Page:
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Garden Diary - October 2018


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October


Flower Color Guide, a book review

Friday, 26 October 2018


Let me confess. I am more of the "stuff things in a vase and hope they don't fall over" school of flower arranging. The methods and techniques of those skilled in the art and craft of flower arranging are outside my area of expertise. But I am good with color. So when I read that there's a book that puts color at the center of the design process I was intrigued. Choose two flowers in two shades, say Putnam & Putnam, then create a transitional effect between them. Sounds easy, even for me.


Image by Putnam & Putnam, courtesy Phaidon

How did this book happen? Like this. Michael Putnam is a formally trained interior designer. Darroch Putnam is a photographer by trade. Michael began arranging flowers, for fun. Darroch photographed them. Pictures went up on Instagram. And, in a be still my heart moment, Vogue on-line wanted Michael to do something based on a Dutch still life painting. Then things took off. Their friends wanted arrangements. Then there were clients. It was learn by doing, questions the flower brokers on 28th Street. Putnam & Putnam learned, and wanted to share.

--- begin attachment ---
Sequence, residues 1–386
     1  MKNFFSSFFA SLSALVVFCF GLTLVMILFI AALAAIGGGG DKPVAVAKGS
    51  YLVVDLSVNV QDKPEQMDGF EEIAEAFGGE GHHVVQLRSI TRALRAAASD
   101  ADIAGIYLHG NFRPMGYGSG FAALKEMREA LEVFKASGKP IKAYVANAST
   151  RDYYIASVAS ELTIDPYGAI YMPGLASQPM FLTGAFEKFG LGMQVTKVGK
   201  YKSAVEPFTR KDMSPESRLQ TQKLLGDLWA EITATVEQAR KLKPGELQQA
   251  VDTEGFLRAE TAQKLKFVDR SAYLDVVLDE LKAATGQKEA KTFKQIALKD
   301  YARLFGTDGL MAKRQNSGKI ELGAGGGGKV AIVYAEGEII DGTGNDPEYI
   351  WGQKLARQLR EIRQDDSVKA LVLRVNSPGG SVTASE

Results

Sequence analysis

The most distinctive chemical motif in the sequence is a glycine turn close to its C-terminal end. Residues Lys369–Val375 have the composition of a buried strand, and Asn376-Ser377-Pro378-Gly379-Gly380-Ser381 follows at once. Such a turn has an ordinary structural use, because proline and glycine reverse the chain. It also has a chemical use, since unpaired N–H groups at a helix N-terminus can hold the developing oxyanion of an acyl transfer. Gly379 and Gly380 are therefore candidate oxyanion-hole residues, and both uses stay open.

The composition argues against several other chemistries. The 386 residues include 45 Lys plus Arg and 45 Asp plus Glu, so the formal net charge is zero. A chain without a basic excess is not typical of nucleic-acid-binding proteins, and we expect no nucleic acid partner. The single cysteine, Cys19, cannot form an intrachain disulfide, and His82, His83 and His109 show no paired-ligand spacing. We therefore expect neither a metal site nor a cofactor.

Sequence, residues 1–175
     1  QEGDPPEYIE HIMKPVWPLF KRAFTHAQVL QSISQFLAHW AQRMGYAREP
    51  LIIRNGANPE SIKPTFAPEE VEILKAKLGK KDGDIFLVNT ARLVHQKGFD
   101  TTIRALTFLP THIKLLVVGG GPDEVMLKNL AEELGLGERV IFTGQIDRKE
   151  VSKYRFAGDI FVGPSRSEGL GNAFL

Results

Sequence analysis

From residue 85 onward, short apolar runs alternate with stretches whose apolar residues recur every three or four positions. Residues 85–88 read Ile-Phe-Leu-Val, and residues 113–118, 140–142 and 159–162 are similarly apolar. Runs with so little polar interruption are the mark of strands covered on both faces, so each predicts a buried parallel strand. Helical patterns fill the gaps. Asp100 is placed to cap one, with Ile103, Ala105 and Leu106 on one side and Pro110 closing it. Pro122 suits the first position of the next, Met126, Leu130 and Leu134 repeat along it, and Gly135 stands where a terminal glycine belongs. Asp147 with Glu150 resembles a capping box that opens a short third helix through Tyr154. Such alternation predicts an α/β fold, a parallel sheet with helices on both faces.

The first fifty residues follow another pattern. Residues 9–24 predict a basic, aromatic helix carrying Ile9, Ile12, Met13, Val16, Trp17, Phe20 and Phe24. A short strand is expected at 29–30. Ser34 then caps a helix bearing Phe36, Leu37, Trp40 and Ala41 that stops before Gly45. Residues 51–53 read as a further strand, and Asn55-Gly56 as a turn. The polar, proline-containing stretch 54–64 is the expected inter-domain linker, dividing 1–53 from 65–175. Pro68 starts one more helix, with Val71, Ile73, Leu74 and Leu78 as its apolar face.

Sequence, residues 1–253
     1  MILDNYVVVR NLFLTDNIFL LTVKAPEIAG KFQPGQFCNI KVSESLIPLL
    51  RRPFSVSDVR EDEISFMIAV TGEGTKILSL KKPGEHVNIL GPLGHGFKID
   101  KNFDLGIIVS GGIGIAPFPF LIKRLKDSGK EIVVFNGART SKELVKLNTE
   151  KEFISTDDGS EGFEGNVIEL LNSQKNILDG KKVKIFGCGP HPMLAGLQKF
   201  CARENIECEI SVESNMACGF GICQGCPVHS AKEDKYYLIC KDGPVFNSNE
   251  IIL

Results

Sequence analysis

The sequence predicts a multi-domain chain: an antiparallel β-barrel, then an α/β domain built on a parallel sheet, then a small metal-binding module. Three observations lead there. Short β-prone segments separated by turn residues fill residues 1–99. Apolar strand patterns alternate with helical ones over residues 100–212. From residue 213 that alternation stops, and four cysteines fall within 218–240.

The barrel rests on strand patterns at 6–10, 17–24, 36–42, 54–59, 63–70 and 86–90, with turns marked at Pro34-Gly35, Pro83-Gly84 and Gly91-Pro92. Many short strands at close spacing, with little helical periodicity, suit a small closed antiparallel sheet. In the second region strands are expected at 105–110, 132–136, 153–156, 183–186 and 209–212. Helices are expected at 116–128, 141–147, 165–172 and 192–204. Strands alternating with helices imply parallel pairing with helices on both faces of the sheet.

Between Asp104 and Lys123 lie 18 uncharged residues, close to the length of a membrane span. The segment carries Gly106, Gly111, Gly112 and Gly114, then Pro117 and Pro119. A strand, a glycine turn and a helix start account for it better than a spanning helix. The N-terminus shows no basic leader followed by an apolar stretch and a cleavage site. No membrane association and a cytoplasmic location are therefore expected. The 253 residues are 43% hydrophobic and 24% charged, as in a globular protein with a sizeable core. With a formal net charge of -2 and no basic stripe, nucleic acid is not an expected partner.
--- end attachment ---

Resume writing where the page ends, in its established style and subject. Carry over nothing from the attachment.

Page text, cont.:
Which is how the book happened. Some publishers didn't get their approach. Phaidon did. Darroch had been photographing not only arrangements but also flower "portraits." With cut flowers flying in from around the world it did not make sense to take a seasonal approach. Flower Color Guide does it by color groupings. Once work began it was a matter of choosing which 400 or so images would be included, re-photographing as necessary. The hundred different varieties of flowers mean that roses, for example, appear with white, blush, pink, through red and lavender, and including tea and polyanthus roses.


Image by Putnam & Putnam, courtesy Phaidon
All the expected color groupings to fill a rainbow - blue cornflower and Dutch iris


Image by Putnam & Putnam, courtesy Phaidon
vivid red gerbera daisy on the right and Tillandsia, a bromeliad, on the left.


Image by Putnam & Putnam, courtesy Phaidon
There's even a section for green flowers, such as hellebore and fritillaria.

A modest 5 X 7 inches and 484 pages, the small format floral primer is a take along size, easy to hold in your hand, carry in a bag. One kind of flower per page, with a few lines of small text that give common name, Latin name, cultivar or color, placement in an arrangement such as filler, face, or texture, and seasonality. The appendices at the back of the book have a few pages with some simple, basic information - before you shop, basic flower care, suggested color palettes, etc. Left hand page for your notes, right hand page for text. But that's not all.


Image by Putnam & Putnam, courtesy Phaidon
The very back of the book has tear out flower chips for every image in the book
for use preparing mood boards, look books, and more, similar to Pantone chips.

Serendipitously, look what ever so timely turned up in my e-mailbox.

The New York Botanical Garden is hosting a Floral Design Showcase with Putnam & Putnam on October 26; from 10:00 a.m. to 11:30 a.m. in NYBG's Ross Hall. An unforgettable morning demonstration and talk with master floral designers Michael and Darroch Putnam, the authors of Flower Color Guide.